Acetyltransferase assays were performed with catalytically active 0Ac, 3Ac, and 6Ac cp-p300 using a synthetic histone H4 tail peptide substrate under conditions where autoacetylation is minimal, as previously described.3 These assays revealed that cp-p300-6Ac had a ~5-fold greater activity compared with the cp-p300-0Ac form whereas the cp-p300-3Ac species showed intermediate activity. The HAT rate of cp-p300-6Ac proved to be similar to standard, loop deleted (constitutively active3a) p300 HAT under the same assay conditions (Figure 3). The enhanced rate of cp-p300-6Ac vs. cp-p300-0Ac is noteworthy since, unlike in prior studies,3 these cp-p300 proteins have well-defined acetylation modifications on specific sites rather than a more heterogeneous distribution, which is a natural consequence of promiscuous autoacetylation. These findings further suggest that functional aspects of the regulatory loop can be recapitulated in this circularly permuted system, even though the regulatory loop is only covalently anchored at one side in cp-p300 HAT.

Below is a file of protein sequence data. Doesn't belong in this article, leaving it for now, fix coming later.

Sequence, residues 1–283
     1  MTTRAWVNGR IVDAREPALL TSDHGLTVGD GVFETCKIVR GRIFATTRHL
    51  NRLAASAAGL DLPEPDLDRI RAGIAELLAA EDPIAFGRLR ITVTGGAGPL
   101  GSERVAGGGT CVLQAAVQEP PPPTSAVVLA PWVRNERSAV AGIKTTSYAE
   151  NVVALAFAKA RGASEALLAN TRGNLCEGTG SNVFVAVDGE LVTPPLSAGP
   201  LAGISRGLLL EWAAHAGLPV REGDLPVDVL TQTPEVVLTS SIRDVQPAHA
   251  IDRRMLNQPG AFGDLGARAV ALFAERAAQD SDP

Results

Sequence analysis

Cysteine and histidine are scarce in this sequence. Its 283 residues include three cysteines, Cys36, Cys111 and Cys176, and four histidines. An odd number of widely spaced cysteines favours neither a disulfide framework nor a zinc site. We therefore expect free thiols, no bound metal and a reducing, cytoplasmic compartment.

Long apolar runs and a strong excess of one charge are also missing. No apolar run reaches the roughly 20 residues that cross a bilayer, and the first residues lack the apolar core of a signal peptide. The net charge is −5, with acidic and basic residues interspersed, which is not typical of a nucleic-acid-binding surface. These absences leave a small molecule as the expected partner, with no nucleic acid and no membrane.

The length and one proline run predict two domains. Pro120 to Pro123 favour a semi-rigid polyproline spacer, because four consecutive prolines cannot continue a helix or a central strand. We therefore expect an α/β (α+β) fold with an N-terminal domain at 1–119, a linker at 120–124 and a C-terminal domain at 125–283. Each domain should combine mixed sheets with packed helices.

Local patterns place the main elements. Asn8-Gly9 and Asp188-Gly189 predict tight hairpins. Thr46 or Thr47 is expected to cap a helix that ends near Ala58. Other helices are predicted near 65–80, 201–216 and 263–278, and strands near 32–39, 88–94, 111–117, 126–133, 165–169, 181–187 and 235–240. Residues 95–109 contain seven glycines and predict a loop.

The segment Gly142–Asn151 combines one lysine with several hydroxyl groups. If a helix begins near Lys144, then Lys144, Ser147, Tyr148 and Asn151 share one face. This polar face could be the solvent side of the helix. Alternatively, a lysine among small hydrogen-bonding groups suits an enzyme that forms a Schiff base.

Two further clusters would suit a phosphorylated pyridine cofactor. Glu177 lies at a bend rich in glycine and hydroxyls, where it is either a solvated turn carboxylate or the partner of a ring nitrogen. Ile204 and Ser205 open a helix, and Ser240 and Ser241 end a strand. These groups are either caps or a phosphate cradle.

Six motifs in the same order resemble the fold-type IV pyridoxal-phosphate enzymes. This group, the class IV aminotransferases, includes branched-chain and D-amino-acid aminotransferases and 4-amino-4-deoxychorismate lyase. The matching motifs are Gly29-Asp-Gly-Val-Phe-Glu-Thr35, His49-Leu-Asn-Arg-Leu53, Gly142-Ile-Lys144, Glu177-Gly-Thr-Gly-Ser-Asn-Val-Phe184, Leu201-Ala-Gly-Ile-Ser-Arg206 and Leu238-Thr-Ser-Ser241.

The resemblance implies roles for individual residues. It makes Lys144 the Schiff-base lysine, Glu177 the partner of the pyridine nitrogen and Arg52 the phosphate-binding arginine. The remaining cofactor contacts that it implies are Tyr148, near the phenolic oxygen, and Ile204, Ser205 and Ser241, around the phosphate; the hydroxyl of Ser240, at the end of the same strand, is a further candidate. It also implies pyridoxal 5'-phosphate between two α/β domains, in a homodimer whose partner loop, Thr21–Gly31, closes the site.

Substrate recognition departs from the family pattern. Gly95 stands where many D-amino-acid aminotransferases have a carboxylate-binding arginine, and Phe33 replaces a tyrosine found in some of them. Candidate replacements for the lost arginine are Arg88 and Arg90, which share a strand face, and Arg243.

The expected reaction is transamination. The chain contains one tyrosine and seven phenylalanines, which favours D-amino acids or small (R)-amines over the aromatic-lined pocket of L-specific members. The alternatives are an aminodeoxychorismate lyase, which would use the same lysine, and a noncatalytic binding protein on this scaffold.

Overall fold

In addition to providing new insights into p300 regulation, this study suggests a more general strategy to apply EPL to protein systems in which a flexible segment of interest lies in the middle of a large recombinant protein sequence. By judiciously selecting novel N- and C-termini for a protein, circular permutation coupled with EPL can offer the opportunity to install unnatural amino acids, biophysical probes, or PTMs and their mimics in functionally internal protein regions. Such integration of methods can thus extend the protein chemistry toolbox to previously difficult-to-approach biochemical problems.
We are grateful to R. Cotter and his group for assistance with mass spectrometry and R. Marmorstein and X. Liu for helpful discussions. We are thankful for support from the NIH.